The best visuals often are metaphors or analogies drawn from everyday life, images that resonate with practically every juror. For one criminal fraud case, The Focal Point helped illustrate the famous conveyor-belt scene from an I Love Lucy episode to drive home the point that the defendant had long tried to keep up with the fraud until he became overwhelmed by the speed of events. In another case alleging race discrimination, the firm used the analogy of two ordinary household keys to illustrate the legal distinction between identical and equivalent: The two keys aren’t identical, but if they open the same door, they’re equivalent.
Effective visuals such as these come out of a conscious process of rethinking aspects of a case in visual terms and coming up with vivid analogies. Thinking visually rather than verbally lets attorneys speak to jurors on multiple levels, which is the way people process information and make sense of the world.
Flash Is No Flash in the Pan
If any single technology is revolutionizing courtroom graphics, it’s Adobe Flash. In simple terms, Flash is the technology that lets you maneuver and interact with a Web page, allowing you to click on a link to reach another page, pull down a menu, display a document, or launch a video. Increasingly, attorneys are turning to Flash presentations to explain evidence to jurors, particularly in complex disputes such as patent cases. Flash gives lawyers maximum flexibility in how they present a case to jurors. Lawyers can leave out portions of a presentation, show items out of order, or choose how extensively they want to explain certain elements of a case. Flash-enabled timelines have become especially popular; these can be embedded with scanned documents, photos, videos and animations that further explain key events. By contrast, the widely used PowerPoint presentations essentially lock an attorney into rolling out a case in a fixed, linear fashion: slide 1, followed by slide 2, and so on.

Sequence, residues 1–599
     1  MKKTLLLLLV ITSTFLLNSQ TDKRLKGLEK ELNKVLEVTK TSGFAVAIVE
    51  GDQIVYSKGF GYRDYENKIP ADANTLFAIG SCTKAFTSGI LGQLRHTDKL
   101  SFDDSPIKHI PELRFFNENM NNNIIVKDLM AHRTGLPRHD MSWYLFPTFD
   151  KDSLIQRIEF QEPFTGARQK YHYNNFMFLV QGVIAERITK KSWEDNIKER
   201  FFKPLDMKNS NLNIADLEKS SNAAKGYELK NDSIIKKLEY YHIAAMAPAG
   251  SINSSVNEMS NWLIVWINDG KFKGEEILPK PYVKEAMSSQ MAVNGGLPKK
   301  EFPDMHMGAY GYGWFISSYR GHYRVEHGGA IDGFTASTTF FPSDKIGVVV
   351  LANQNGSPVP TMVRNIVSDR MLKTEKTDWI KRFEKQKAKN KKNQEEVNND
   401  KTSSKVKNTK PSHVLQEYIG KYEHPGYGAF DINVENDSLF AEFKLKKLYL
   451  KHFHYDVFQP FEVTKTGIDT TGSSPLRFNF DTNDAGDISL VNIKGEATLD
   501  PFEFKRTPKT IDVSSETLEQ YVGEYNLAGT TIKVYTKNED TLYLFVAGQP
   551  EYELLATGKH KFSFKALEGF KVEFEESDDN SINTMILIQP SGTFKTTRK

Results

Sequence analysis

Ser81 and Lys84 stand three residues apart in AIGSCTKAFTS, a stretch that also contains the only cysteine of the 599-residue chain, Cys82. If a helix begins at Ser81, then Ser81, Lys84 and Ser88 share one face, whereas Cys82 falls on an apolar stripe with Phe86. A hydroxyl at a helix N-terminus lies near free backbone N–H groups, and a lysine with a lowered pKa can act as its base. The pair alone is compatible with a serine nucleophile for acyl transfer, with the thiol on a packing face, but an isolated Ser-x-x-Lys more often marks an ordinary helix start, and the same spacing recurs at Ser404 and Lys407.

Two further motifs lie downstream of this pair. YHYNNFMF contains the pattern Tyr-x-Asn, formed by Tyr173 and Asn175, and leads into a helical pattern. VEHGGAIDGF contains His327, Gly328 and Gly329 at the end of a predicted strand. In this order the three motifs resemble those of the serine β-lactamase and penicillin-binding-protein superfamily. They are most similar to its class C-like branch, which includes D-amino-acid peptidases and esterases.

“The best thing about Flash, besides being technically cool, is that it really forces lawyers to think about what’s important in the case and what’s not," says Ritter. “For a Flash presentation to work effectively, a lawyer has to sit down for a long time thinking about what subjects connect to one another."